Talk about a blast from the past. Certain iPhone users have been getting mysterious emails. These emails have no subject line, no identified sender and nothing in the body of the email. It does however, have a date: January 1, 1970.
Is it the ghost of iPhones past? The ghost of Steve Jobs? Not so fast. It's actually the result of what we in the tech industry call a glitch - and a fairly common one at that.
If you've been around tech a long time, you might have seen "January 1, 1970" pop up on your computer screen once or twice. It's the default date that appears on older computers after completely losing power to the motherboard. Plus, just last month Komando.com issued you a warning about an iOS bug that will damage your phone beyond repair if you set your phone's date to January 1, 1970. Why anyone would want to do that is questionable, but either way, it bricks your phone, so don't try it.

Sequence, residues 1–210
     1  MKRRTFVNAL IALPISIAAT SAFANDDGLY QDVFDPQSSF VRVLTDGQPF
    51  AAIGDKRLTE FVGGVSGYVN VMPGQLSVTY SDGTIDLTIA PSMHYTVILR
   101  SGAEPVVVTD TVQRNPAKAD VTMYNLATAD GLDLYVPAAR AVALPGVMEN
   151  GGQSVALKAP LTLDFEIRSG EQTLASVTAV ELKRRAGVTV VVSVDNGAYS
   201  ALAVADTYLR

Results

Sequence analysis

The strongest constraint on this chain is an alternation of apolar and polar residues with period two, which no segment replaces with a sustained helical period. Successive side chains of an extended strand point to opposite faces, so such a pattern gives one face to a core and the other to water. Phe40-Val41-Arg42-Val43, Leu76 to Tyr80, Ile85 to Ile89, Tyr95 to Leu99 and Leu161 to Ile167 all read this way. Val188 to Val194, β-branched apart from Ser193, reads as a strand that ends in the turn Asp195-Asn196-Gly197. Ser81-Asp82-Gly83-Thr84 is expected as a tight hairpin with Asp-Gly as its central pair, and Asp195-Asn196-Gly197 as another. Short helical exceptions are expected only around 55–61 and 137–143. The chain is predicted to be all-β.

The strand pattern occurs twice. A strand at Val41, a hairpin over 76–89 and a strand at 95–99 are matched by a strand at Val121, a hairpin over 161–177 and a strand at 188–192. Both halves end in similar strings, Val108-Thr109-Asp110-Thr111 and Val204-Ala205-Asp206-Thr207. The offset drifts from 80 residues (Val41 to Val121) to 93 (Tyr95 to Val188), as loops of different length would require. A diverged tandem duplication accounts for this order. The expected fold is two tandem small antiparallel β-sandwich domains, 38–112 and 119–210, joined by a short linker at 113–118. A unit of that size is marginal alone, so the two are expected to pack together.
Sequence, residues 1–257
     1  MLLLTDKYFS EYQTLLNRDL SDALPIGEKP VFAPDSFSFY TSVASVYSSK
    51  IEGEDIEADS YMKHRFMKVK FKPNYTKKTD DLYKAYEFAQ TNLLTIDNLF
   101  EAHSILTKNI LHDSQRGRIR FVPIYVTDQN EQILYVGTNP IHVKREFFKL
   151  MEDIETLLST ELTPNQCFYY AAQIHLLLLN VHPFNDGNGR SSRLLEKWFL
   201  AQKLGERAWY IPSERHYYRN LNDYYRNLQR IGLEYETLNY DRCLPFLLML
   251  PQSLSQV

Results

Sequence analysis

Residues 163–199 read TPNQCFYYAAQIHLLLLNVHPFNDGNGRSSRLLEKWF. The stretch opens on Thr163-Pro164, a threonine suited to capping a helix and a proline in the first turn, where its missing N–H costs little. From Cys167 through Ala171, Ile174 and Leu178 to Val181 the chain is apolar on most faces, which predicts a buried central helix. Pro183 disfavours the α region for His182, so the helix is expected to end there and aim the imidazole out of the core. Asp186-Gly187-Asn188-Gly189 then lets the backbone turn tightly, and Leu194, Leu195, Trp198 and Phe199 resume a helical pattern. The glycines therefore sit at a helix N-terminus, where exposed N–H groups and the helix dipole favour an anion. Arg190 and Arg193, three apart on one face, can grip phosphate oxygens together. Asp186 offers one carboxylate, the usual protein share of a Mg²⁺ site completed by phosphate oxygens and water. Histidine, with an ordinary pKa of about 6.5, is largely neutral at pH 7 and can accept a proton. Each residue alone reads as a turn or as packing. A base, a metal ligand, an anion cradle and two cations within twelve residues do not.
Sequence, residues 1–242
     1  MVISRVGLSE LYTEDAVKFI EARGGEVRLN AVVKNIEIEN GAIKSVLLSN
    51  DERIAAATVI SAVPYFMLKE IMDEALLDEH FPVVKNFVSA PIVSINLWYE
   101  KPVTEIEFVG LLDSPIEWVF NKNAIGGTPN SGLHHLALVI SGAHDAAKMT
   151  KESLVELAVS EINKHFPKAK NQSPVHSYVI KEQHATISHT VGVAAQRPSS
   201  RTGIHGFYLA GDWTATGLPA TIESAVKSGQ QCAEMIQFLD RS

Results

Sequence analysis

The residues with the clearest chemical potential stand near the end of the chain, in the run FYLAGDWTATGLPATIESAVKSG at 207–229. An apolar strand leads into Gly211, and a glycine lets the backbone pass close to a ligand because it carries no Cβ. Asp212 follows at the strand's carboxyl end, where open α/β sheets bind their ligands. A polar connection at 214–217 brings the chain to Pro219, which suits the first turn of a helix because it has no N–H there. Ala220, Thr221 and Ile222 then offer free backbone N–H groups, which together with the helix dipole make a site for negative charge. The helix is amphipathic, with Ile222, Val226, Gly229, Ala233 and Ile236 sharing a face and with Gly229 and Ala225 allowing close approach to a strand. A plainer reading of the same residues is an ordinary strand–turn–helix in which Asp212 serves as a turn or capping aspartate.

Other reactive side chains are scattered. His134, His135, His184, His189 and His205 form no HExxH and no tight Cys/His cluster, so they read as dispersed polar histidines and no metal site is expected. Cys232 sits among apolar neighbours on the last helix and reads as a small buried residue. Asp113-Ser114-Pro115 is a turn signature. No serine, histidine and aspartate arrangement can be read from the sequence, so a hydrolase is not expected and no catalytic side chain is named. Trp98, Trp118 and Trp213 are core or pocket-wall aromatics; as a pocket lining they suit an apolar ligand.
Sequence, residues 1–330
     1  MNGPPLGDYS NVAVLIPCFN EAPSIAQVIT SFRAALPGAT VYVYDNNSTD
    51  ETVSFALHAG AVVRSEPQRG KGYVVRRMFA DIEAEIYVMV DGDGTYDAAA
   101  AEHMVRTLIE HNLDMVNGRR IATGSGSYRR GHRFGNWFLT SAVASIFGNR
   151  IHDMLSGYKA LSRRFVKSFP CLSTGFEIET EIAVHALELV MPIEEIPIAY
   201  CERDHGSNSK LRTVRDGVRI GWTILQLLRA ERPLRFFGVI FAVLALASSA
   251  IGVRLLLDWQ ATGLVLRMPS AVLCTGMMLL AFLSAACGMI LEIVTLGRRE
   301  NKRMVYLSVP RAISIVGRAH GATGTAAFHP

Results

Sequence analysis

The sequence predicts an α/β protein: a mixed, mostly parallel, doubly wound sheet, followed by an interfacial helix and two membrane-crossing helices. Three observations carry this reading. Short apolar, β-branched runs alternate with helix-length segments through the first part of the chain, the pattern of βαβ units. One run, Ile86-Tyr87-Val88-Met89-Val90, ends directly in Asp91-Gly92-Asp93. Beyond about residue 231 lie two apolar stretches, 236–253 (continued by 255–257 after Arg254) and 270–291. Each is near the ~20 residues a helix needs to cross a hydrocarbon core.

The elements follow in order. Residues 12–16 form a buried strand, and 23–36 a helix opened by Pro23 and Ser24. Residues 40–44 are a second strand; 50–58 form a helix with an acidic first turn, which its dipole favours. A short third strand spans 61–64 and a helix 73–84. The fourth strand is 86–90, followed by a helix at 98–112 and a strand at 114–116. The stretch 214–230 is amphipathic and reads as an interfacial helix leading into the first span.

So what's so important about January 1, 1970? The mystery emails have puzzled thousands, and many confused recipients have taken to social media, mainly Twitter, to try and put all the pieces together.
To make a long story short, Unix tells time by counting every second that has elapsed since 00:00:00 UTC, January 1, 1970. When it loses that count, say due to power loss, it goes back to the beginning. But what does this have to do with the modern iPhone and iPad? Turns out, the emails are a result of a glitch that affects iPhone users who have checked their email in a time zone different from their home.
Apple is still looking into it, but the best guess is that iOS sees the date January 1, 1970, as either zero or a negative number, and that causes some or all of the iOS functions that require a date to crash. So, the iPhones are simply resetting the dates back to their default time, which just so happens to be January 1, 1970.
Casually got an email from 1970 pic.twitter.com/dfc3D32n3S
— Jordaroo (@Jordan_Fearnley) February 24, 2016